By Chanda Temple
For the last few years, I’ve treated my birthday like any other day.
No fanfare. No cake. No song and dance.
While friends offered to take me out, I dismissed the invites, saying, “Thank you. You are so sweet, but I’m working on my birthday.” It wasn’t that I dreaded getting older, it was just that I looked at my birthday as another day. No biggie.
This year, I took a different approach. I saw my birthday as the big deal it was. I welcomed it with open arms. That move has been the best decision I’ve made so far in 2017.
A good friend asked me where I wanted to go eat to celebrate this month. I told her I had been craving a cheeseburger and fries from Mugshots Grill and Bar. She said, “Are you sure?” I said, “Girl, yes! I love their burgers! I don’t need anything big.” (Plus, after two weeks of working out and no carbs, I was ready for a “cheat” day.)
I worked on my birthday, but when it was time to get off that day, I walked out the door. I didn’t stay behind to write an extra email, make another call or write another story. I was gone.
I arrived on time at Mugshots, happy that I had turned off the “work me” for the “chill me.” My friend walked in, we grabbed a table and ordered. In between bites of burgers slathered in special sauces and topped with melted cheese, we talked and laughed. It’s what we do best. She gave me a gift and birthday cards. She also gave me a red velvet bundt cake from Nothing Bundt Cakes, a new cake spot at the Summit in Birmingham, Ala. As we looked at the time, it was still very early. She then said, “Do you want to go to church? We are having communion tonight.”
Without hesitation, I said, ‘Sure.”
I’ve never celebrated my birthday on a weeknight with communion. But this year, I did. It was nice.
What put the bow on my birthday was the guest minister’s message about surviving life’s storms. Herbert Cooper of the People’s Church in Oklahoma City said that a storm can break up things in your life and leave you with broken pieces. But if you have faith, you can grab onto one of those pieces and ride out the storm. (Go here to see the whole message.)
Just like that burger filled my belly, his words filled my soul that night. I hope they do the same for you. Here are Cooper’s four strategies for surviving a storm:
Stay on the ship (Acts 27:29-31)
In Acts 27:29-31, soldiers on a ship were caught in a storm. Fearing the vessel would be crashed against the rocks, the men wanted to board a lifeboat and abandon ship. However, Paul told them that they would survive the storm if they stayed with the ship. The men listened and rode out the storm until the ship ran ashore. All were safe. To relate this to what you may be experiencing today, think of it this way: Things may seem hard now, but stay on the ship. If you are in the midst of a storm, don’t pretend things are going to be OK. Keep praying. Stay faithful to God. Stay in church. Sometimes, it takes more faith to stay than to leave. Remember this the next time you are faced with a difficult decision.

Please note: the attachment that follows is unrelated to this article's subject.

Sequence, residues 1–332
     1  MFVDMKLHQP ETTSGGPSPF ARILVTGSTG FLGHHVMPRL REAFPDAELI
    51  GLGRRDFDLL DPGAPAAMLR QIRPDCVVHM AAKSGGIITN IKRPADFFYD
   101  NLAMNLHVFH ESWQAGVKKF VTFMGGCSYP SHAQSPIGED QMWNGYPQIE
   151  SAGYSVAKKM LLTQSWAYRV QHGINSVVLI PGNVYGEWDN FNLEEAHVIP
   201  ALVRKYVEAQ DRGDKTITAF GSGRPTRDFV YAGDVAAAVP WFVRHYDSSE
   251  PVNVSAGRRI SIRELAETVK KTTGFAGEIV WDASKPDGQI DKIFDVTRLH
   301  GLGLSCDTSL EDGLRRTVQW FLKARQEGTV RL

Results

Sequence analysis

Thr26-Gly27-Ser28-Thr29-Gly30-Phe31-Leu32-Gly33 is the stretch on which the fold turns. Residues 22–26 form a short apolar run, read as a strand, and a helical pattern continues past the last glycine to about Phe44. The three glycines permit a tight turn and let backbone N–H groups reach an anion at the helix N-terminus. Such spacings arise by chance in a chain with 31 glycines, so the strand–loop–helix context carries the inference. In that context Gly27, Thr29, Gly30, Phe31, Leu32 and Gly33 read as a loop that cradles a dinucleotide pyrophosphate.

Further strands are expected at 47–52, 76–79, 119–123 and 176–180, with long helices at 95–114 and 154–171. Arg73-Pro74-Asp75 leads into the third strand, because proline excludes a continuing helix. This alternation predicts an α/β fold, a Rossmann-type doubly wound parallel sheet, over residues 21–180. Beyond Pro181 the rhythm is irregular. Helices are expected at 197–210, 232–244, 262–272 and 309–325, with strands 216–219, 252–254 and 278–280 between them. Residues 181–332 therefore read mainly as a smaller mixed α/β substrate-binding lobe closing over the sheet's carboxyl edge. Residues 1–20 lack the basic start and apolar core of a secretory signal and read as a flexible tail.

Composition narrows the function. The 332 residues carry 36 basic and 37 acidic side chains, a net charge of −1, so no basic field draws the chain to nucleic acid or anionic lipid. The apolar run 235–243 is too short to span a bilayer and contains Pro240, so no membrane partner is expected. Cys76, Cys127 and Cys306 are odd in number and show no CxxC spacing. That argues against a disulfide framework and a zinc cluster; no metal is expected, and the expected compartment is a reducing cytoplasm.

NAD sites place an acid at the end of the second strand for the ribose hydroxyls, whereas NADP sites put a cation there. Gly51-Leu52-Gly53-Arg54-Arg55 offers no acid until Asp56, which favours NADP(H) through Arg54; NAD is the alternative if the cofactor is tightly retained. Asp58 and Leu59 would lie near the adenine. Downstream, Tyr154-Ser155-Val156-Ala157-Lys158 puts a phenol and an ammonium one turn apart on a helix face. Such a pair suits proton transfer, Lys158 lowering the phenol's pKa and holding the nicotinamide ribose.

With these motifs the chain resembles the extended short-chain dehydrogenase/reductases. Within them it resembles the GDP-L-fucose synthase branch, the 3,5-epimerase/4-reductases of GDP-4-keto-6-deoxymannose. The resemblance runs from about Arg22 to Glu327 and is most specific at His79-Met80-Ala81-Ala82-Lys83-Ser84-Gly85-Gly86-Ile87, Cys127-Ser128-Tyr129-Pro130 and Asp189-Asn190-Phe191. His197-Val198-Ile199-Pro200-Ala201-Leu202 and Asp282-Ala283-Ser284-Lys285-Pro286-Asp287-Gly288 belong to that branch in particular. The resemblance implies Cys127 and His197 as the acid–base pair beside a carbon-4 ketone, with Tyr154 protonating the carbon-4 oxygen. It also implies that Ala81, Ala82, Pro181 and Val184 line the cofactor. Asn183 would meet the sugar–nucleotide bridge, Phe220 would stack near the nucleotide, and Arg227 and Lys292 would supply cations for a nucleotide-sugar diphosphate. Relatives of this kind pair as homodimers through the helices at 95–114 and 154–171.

Be still and chill (Acts 27:33-34)
While on the ship, the soldiers had not eaten. Finally, Paul told them to eat.
We all need breaks in life. Go get food when you need it. Take a vacation when you need it. Enjoy a staycation. Whatever it is you need to “get away,” do it. You need this to break away from what’s going on in your life. You also need to remember not to worry about what life throws your way. Worry and panic don’t solve things. They only make things worse. Your worry and stress in the midst of a storm will accomplish nothing. So, it’s best to chill and trust God. God will bring encouragement to your heart, Cooper said.
Praise God in the storm (Acts 27:35)
It’s easy to thank God when things are going well. But the challenge is to thank God when things aren’t going well. When you are in the midst of a storm, you have to say, “Thank you, Jesus.” Do this, no matter how bad something is with a relationship, your health, your job, etc. Why? Sometimes you’ve gotta “praise through” until you get a “break through.”
“Don’t let a storm silence your praise,” Cooper said.
God can take you to your destination on broken pieces (Acts 27:41)
Have you ever been in a storm and felt like your finances, health, marriage, family, job, etc. were breaking apart? And once the storm ended, all you were left with were broken pieces. Don’t worry. You can still make it on those broken pieces.
How? When a storm breaks up your ship and leaves you with broken pieces, take hold of those pieces. God will use those broken pieces to take you to your destination. But sometimes, we think that’s not enough. We get so focused on what we’ve lost, that we lose sight of what we have left. We want to abandon ship and go back to what to the way things were. But know that if God wanted your “what was” to remain, He would have left it that way.
So even if all you have is a piece of hope, joy, faith or just two nickels after the storm, grab onto that. God will guide you to where you need to be.